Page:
Part of the reason for the decline in employer-sponsored health insurance may have been decreased employer contributions to premiums (table 2). Employers paid the entire insurance premium for 30.7 percent of workers in 1999, a figure that dropped to 27.6 percent in 2002.4 This decrease was particularly striking among workers in small establishments, where 39.2 percent of workers had their entire premium paid by employers in 1999, compared with 33.6 percent in 2002. During the same period, the share of workers whose employers paid none of their health insurance premium increased significantly.

Discussion

The data show a widespread decline in the rates of employer-sponsored health insurance, particularly among low-income families. The causes appear to be the economic downturn and the associated reduction in employment, the increased proportion of workers in small establishments, and the increased cost-sharing requirements attached to employer-sponsored insurance.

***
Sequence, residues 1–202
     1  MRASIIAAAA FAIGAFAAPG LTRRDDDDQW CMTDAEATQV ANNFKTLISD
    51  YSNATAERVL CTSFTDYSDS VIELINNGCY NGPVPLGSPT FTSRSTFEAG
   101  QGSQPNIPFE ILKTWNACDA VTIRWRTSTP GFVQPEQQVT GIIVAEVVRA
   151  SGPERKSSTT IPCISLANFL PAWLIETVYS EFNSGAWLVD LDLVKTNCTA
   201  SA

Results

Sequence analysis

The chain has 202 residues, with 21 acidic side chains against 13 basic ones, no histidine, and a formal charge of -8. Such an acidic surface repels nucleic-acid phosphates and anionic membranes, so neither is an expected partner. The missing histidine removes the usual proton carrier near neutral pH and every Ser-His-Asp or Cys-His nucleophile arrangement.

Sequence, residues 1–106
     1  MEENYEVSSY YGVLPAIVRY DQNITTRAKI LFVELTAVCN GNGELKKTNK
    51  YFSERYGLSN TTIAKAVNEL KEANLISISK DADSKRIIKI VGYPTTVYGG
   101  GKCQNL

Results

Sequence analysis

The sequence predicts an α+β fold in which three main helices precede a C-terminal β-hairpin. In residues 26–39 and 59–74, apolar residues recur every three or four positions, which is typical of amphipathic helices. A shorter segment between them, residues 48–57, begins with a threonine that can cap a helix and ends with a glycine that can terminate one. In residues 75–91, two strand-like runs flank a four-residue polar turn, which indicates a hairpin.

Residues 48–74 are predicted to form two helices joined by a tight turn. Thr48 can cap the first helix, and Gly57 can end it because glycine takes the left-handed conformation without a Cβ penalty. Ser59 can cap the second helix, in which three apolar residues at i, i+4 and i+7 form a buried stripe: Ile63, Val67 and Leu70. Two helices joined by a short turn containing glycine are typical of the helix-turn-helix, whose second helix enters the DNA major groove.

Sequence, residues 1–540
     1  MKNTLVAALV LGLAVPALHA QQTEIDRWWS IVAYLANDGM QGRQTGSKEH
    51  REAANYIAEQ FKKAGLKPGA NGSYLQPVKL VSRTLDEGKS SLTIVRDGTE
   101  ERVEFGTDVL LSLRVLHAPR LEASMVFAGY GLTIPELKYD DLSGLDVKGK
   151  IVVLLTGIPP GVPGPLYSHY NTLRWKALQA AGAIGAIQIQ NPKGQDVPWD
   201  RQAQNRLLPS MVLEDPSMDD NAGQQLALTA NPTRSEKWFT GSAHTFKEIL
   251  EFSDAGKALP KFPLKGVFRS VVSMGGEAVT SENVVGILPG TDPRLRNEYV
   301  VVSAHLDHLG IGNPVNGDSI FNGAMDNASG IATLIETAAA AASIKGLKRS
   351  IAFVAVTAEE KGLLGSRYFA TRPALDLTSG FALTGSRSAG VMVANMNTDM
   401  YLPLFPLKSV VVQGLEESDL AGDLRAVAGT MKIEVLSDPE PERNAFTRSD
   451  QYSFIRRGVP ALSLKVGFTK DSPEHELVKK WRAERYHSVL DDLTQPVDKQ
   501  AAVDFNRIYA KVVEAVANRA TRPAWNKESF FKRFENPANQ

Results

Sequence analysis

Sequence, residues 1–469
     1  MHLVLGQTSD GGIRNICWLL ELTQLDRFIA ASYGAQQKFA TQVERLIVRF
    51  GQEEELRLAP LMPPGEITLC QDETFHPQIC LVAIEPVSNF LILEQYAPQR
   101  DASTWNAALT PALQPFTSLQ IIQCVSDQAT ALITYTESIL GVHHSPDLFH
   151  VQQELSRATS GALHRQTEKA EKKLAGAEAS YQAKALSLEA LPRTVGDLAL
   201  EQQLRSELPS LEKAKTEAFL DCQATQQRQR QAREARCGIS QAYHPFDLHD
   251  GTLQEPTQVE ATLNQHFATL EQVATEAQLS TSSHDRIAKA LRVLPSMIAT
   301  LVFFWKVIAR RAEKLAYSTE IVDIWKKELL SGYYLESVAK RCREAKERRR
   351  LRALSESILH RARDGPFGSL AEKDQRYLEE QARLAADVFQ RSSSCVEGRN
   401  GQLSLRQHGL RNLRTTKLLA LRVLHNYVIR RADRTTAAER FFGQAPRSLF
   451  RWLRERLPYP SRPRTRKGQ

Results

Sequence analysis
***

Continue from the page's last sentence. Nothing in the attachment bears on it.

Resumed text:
The decline in employer-sponsored health insurance among children was more than offset by increased enrollment in Medicaid and the State Children's Health Insurance Program, however, resulting in fewer uninsured children in 2002 than in 1999 (Kenney, Haley,and Tebay 2003). For adults, the increase in public coverage was roughly comparable to the decline in employer-sponsored insurance, so there was no change in the uninsurance rate (Zuckerman 2003).